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Van Gogh's "Almond Blossoms with a Book"

For this week’s lesson and the final class of the Winter series, we studied one of my favorite paintings, “Almond Blossoms with a Book”, a lesser-known work by Vincent Van Gogh. It is a delicate still life that offers a glimpse into his life and tells a very personal story.

In 1888 Van Gogh became inspired in southern France and began the most productive period of his painting career. He moved to Provence for the sun and the hopes of starting an artist colony. When Van Gogh arrived in Arles, he wrote to his brother Theo, "The weather here is changeable, often windy with turbulent skies, but the almond trees are beginning to flower everywhere."

“Almond Blossoms with a Book”, is one of several paintings inspired by the blossoming almond trees. They were created during a brief but happy time for him, out of pure joy, to celebrate the birth of his nephew and namesake, the son of his brother Theo and sister-in-law Jo. When he created the Almond Blossom paintings, he wrote to Theo, “Down here it is freezing hard and there is still snow in the countryside, here are two small studies of an almond-tree branch already in flower in spite of it”. The blossoms were some of the first signs of Spring and symbolized rebirth and new life.

The series of paintings contained many elements of the Japanese Ukiyo-e prints that Van Gogh collected and were a major influence on his work. The bright areas of color contrasted to the outlines of the branches, and delicate blossoms are all found in Japanese woodcut prints.

During his time in Arles, he painted 70 paintings in 70 days, with an intensity and exhaustive fervor. It was as if Vincent knew his time was limited. Some of his most famous paintings, Sunflowers and Wheatfields were painted during this time. It would become the last chapter in his life. Van Gogh did not live to see his talent recognized. He only sold one work and was little appreciated except for the support of his brother Theo. In his brief career, his paintings and masterful drawings changed art forever. The intensity of his vision, his wonderful sense of color and the extraordinary boldness of his technique created masterpieces that have had an enduring influence on art history. His popularity is greater now than any other time. I recently attended the amazing Van Gogh Immersive Experience, which is currently on tour in the US and Europe to sold out crowds wanting to experience the world of Van Gogh’s art. Seeing the body of his work up close and on large screens highlighted his immense gift.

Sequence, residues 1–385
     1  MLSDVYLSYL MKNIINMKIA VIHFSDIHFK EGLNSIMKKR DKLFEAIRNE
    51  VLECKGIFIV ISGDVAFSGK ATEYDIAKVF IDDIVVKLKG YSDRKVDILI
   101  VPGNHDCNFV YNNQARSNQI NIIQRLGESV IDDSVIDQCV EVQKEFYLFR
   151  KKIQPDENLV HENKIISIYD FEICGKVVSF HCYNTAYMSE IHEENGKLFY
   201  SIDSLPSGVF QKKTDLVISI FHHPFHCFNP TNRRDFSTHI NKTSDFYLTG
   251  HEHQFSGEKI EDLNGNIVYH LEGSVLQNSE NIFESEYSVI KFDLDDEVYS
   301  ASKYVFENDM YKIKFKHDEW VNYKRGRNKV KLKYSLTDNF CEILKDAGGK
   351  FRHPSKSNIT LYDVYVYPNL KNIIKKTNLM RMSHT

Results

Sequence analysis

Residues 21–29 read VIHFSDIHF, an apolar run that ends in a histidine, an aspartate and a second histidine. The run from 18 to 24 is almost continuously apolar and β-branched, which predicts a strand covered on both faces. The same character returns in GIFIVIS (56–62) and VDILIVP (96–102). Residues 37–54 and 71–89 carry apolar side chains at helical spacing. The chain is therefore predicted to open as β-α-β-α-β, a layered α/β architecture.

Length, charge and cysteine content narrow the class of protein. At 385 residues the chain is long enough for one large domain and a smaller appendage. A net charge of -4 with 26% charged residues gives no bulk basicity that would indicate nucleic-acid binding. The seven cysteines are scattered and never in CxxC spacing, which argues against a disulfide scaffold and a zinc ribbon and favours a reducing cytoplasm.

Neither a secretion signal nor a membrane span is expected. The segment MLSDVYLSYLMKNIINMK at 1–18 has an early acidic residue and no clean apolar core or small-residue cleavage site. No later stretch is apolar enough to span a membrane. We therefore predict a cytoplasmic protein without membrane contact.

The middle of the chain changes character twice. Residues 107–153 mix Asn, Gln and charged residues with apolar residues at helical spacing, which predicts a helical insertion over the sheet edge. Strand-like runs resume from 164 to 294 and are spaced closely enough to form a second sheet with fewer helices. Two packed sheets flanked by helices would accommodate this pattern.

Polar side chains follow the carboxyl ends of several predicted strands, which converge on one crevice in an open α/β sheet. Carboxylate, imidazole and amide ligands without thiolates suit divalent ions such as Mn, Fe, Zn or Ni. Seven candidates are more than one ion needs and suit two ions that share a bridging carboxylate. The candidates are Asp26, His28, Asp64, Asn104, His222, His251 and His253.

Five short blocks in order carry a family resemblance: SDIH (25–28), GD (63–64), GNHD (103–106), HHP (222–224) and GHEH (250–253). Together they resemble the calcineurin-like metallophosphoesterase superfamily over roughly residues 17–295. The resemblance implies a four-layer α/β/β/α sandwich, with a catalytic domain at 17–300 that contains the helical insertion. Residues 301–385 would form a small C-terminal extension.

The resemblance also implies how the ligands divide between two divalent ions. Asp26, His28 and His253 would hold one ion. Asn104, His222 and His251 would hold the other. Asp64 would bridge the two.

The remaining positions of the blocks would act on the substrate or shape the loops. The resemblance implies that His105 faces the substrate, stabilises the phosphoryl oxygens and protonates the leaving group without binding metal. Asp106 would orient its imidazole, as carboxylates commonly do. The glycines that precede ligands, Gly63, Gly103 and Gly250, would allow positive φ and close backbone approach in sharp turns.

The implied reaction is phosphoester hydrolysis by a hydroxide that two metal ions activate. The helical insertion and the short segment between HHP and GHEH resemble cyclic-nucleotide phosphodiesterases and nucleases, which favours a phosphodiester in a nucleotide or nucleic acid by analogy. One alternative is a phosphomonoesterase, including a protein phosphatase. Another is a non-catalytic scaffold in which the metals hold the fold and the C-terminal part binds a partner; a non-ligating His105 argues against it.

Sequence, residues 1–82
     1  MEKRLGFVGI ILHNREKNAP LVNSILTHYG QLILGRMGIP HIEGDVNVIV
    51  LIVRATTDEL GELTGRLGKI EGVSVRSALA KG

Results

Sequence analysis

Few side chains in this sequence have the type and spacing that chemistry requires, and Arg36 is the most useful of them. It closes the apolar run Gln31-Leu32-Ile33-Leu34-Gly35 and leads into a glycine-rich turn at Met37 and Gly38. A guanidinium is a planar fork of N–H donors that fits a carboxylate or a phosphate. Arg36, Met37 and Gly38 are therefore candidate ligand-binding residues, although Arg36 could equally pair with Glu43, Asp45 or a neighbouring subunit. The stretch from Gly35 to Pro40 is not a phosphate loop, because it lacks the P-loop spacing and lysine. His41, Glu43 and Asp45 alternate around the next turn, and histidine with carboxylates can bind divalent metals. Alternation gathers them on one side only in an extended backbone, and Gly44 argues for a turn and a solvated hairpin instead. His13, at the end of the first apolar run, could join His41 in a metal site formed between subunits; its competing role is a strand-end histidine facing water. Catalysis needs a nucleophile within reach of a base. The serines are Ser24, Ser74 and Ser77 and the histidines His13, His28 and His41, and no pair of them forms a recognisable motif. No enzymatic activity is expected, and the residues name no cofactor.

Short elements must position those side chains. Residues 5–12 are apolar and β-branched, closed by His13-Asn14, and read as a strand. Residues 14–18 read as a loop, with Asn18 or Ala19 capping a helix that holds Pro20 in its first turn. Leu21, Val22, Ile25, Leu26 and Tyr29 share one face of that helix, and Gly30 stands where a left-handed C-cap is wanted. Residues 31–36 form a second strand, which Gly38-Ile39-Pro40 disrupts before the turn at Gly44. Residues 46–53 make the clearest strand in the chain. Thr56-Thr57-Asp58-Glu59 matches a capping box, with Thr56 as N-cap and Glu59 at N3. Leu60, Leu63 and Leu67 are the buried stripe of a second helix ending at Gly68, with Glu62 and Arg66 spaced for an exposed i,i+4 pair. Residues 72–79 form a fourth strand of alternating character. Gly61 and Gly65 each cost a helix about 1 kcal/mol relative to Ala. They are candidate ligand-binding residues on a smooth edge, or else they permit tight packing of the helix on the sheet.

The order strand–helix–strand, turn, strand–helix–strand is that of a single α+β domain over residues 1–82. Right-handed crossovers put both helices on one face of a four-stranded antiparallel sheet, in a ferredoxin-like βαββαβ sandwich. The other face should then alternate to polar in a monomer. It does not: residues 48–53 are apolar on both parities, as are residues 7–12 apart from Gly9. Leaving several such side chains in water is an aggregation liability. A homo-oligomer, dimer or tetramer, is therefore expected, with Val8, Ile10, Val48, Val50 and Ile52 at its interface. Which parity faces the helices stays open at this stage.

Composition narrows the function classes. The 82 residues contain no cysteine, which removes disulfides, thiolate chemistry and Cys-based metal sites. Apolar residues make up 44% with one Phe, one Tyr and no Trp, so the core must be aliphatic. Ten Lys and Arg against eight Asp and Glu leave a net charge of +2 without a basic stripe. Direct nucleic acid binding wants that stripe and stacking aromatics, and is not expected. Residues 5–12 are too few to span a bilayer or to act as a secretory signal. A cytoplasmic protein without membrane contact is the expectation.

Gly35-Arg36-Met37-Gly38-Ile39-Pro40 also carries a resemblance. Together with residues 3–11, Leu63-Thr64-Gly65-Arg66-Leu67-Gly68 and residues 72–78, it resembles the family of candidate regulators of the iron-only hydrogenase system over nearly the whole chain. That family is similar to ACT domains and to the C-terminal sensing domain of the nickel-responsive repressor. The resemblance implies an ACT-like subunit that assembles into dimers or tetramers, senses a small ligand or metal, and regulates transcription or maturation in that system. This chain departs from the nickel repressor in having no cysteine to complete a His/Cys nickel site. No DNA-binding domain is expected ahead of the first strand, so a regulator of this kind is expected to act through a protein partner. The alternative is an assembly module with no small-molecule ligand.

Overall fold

* For a more in-depth bio of Vincent Van Gogh refer to the 2019 ALA post


We are experiencing the end of Winter’s chilly temperatures with a few signs of early Spring blossoms similar to the inspiration behind Van Gogh’s” Almond Blossoms with a Book”.

This beautiful and delicate still life is very misleading in its simplicity. It is actually quite complex and was a very challenging subject, especially in such a short period of time. We broke it down step by step and the classes did wonderfully. It is full of angles, shadows, reflections, the water and the transparency of the glass. All challenging for even the most experienced artist.

The materials they used were large graphite crayons to capture thicker lines in their original drawings, with layers of oil pastels to achieve something close to an oil painting’s color and textures.


 Week One: Cave Paintings

It has been an eventful week in our Art Literacy class. We have been all around the world.  I would like to thank all of my wonderful students for their great efforts. We began with the story of the discovery of the discovery of cave paintings in Lascaux,  France  and also looked at images from  Spain , where the oldest known cave paintings have been found,  in the cave called El Castillo. The prehistoric dots and crimson hand stencils are now the world's oldest known cave art that dates more than 40,800 years old.

© Serene Greene- Art Literacy Academy
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